It is well settled that the assault of one employee by another can, in appropriate circumstances, lead to the most serious of disciplinary consequences. Further, in such cases, the introduction of a weapon is generally seen as a serious aggravating factor. (See, e.g., Re Automotive Industries, Weston Division and Amalgamated Clothing & Textile Workers Union, Local 1813 (1992), 27 L.A.C. (4th) 251 (M. Levinson); Re General Tire Canada Ltd. and United Rubber Workers, Local 536 (1983), 10 L.A.C. (3rd) 289 (Swan); and CROA 1975 (M.G. Picher).)

Counsel for the Union makes an innovative and compassionate submission in the case at hand. He does not attempt to diminish the gravity of the actions of Mr. Andersen. Rather, he stresses to the Arbitrator that the grievor, who did not attend at the hearing, has through the entire piece behaved in an irrational manner suggestive of a severe emotional and/or mental disorder which should be seen as explaining his actions and mitigating the disciplinary consequences. Counsel for the Union submits that an examination of the record of the three incidents, culminating in Mr. Andersen’s discharge, confirms that he suffers from a condition of paranoia, labouring under the belief that his co-workers and supervisors consistently attempted to prove him incompetent, in an effort to undermine his job security. Counsel submits that that is the only rational basis upon which the admittedly irrational actions of Mr. Andersen can be understood. He hastens to add that the Union makes no suggestion that there is any substance to the alleged delusions of Mr. Andersen with respect to being persecuted by fellow employees and supervisors. Rather, he submits that the grievor’s failure to seek assistance, either individually or through the Company’s EFAP program, and his similar rejection of such suggestions advanced by the Union, confirm that there is reason to believe that his conduct is the result of an emotional or mental condition beyond his control, and that he should therefore not be made the subject of an unconditional termination of employment.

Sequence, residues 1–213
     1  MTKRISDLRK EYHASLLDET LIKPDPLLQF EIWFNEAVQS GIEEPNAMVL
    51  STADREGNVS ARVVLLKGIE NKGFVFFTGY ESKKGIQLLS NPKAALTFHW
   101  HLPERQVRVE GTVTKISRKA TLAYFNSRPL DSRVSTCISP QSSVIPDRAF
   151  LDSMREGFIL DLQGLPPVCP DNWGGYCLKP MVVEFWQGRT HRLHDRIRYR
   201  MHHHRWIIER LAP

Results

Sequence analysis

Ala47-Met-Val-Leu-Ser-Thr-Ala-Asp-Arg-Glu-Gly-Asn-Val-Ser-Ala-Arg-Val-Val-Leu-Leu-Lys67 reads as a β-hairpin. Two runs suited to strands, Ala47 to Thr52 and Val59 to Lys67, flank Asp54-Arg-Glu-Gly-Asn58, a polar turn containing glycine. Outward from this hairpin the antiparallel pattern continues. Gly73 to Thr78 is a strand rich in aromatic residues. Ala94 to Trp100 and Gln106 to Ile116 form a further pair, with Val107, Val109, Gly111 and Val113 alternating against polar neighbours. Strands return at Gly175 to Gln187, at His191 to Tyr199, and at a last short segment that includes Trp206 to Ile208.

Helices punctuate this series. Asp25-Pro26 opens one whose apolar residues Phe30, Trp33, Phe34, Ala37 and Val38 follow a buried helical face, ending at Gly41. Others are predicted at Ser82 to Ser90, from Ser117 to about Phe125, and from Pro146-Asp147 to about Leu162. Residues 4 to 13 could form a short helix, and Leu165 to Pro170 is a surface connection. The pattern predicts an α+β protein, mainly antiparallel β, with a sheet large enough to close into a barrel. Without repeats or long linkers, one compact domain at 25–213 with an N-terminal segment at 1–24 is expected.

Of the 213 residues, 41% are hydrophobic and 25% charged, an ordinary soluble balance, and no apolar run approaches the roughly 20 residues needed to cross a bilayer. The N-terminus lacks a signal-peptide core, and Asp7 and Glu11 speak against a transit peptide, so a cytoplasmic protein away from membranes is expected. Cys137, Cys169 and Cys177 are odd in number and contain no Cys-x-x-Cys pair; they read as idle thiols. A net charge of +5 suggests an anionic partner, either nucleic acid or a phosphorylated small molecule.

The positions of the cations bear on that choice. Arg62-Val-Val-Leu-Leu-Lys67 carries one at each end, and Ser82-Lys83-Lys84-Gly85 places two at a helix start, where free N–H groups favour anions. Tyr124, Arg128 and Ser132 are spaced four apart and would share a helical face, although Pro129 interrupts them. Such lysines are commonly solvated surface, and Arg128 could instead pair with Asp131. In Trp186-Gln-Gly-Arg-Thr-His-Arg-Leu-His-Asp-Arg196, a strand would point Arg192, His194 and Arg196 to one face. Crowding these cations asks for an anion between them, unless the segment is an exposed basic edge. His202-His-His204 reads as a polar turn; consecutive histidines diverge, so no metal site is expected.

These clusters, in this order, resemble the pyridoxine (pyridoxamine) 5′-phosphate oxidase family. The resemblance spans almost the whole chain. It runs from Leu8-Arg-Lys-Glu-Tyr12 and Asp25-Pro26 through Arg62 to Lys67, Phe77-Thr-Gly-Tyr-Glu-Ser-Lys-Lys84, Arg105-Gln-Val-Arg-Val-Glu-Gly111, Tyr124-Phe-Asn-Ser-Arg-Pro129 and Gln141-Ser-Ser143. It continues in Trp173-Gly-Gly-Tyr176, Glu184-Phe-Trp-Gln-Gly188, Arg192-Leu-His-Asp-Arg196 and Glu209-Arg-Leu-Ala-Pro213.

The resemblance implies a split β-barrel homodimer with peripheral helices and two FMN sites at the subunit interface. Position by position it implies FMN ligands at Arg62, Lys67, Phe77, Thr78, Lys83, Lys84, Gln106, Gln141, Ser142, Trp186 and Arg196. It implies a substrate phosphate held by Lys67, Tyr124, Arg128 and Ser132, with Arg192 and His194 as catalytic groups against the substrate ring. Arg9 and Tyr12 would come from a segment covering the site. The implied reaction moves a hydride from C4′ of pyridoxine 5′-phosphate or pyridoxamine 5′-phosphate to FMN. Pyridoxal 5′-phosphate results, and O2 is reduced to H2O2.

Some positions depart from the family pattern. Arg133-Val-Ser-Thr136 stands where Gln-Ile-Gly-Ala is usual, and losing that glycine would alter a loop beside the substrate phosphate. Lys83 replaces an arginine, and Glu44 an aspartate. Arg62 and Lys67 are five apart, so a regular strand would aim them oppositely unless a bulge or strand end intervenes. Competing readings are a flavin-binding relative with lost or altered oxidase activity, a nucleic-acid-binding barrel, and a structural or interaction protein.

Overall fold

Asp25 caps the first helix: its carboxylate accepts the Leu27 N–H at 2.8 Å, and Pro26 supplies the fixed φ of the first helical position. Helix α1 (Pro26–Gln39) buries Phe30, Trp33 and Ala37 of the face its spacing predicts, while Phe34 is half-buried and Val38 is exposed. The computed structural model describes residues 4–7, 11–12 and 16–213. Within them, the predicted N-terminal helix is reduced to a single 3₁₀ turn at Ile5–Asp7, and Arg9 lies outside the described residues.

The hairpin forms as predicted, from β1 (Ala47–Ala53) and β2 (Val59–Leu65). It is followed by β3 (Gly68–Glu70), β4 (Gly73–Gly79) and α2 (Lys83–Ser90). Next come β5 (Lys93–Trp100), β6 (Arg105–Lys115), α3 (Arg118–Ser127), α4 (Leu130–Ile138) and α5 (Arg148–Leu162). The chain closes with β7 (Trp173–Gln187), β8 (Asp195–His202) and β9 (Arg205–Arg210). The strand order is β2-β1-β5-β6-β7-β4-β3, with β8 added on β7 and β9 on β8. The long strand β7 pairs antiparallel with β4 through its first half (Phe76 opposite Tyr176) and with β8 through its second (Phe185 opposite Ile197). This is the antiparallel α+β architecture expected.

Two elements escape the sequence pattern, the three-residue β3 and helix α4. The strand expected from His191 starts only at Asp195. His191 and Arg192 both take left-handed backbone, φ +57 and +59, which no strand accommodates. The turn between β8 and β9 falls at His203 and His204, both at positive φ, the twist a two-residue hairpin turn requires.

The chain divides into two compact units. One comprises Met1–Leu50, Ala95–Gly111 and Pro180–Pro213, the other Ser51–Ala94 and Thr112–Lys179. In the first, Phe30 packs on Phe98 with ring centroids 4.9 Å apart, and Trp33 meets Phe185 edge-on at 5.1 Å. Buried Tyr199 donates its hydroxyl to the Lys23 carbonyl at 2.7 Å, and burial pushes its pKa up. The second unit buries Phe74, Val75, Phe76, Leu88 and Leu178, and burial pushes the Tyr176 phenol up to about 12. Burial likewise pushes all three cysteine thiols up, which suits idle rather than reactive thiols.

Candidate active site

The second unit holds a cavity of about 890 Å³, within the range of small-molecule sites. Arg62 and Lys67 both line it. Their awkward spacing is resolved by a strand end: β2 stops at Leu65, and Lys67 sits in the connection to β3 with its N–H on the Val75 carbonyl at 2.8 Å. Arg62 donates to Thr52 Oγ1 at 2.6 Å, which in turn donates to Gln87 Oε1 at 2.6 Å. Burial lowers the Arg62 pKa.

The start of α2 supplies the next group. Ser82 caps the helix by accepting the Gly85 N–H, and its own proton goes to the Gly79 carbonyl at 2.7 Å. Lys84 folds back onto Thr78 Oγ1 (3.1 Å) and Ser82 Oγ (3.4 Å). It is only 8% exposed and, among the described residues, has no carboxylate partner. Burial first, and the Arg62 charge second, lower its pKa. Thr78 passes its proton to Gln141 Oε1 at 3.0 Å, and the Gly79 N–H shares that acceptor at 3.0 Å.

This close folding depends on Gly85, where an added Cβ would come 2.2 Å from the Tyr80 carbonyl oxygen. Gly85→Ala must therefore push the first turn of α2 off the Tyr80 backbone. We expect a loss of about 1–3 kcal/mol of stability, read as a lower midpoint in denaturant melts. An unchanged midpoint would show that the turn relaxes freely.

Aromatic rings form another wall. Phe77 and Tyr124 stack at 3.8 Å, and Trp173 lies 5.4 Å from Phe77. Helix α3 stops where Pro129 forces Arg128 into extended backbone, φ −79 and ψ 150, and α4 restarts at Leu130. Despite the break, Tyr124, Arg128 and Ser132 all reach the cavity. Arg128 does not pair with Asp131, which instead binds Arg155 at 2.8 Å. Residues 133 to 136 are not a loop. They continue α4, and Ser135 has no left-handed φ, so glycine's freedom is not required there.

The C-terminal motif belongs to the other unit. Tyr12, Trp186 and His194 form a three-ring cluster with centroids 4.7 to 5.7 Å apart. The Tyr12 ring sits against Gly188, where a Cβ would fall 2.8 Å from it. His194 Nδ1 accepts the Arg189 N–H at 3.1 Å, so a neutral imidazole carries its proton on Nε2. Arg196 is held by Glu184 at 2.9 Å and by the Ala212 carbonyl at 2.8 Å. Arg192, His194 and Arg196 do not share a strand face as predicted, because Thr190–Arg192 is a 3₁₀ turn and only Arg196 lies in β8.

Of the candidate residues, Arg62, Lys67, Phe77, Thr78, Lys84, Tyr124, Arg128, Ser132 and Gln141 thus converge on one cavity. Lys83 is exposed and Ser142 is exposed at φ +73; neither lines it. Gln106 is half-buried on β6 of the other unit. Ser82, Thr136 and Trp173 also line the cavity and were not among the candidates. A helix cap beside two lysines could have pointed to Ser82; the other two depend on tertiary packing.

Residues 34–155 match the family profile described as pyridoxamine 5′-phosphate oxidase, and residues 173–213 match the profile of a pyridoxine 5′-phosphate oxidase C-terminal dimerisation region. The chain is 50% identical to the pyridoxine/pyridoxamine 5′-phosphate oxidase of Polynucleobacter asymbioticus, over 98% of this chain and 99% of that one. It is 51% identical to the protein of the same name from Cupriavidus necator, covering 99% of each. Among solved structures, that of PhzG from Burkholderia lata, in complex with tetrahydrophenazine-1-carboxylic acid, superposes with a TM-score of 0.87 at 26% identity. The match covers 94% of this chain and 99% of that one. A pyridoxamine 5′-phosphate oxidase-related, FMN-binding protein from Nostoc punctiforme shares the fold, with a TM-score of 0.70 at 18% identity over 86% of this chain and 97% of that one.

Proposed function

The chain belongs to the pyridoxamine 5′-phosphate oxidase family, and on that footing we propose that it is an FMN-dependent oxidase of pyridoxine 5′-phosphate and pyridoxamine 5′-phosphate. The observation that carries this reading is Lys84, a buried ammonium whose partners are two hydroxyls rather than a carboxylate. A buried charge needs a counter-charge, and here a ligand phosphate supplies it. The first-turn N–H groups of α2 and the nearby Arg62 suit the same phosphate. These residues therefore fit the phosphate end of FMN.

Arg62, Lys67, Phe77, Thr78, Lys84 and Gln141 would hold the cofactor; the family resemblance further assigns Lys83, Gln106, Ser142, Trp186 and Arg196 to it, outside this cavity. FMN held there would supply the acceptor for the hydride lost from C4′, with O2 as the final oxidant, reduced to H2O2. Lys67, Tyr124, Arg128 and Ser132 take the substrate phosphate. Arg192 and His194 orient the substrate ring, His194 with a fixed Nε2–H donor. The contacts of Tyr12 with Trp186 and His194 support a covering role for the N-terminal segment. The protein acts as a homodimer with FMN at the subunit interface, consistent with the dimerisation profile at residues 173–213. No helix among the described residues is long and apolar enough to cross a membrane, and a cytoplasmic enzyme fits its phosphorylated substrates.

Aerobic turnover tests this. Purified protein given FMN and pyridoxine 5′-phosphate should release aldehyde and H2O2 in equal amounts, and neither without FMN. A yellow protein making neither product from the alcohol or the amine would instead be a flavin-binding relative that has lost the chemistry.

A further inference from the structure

Counsel for the Union concedes that the argument so made is entirely undocumented. Because of the grievor’s refusal to cooperate, the Union is without any professional or medical opinion to sustain its suggestion that Mr. Andersen suffers from a clinical condition which is a substantial mitigating factor that would justify an arbitral order which could lead to his return to work. Additionally, counsel stresses that the Union does not seek Mr. Andersen’s reinstatement at this time. Rather, he requests the Arbitrator to issue an order whereby the Company is given the discretion, to be exercised in good faith, to reinstate Mr. Andersen into his employment upon being presented with satisfactory medical or professional evidence to confirm firstly that his actions were the result of an emotional or mental disability, and secondly that his condition has been satisfactorily treated to the point that he can safely return to employment with the Company, in such capacity as may be appropriate to his personal circumstances, including a position other than that from which he was discharged, but for which he is qualified.

Counsel for the Company strenuously resists the submission of the Union. He argues that it is not the place of the parties, or of the Arbitrator, to make uninformed or undocumented suppositions about the mental or physical state of a grieving employee. He adds that, by the Union’s own admission, there is no jurisprudential precedent for the remedy which it seeks in this case. Noting that psychiatrists themselves may often differ as to a particular diagnosis, counsel for the Company suggests that the approach suggested by the Union is fraught with danger. He stresses that that is especially so where, as in the instant case, the grievor has not consented to an argument being made with respect to the state of his emotional or mental health, and has expressed no endorsement of the approach suggested by his bargaining agent.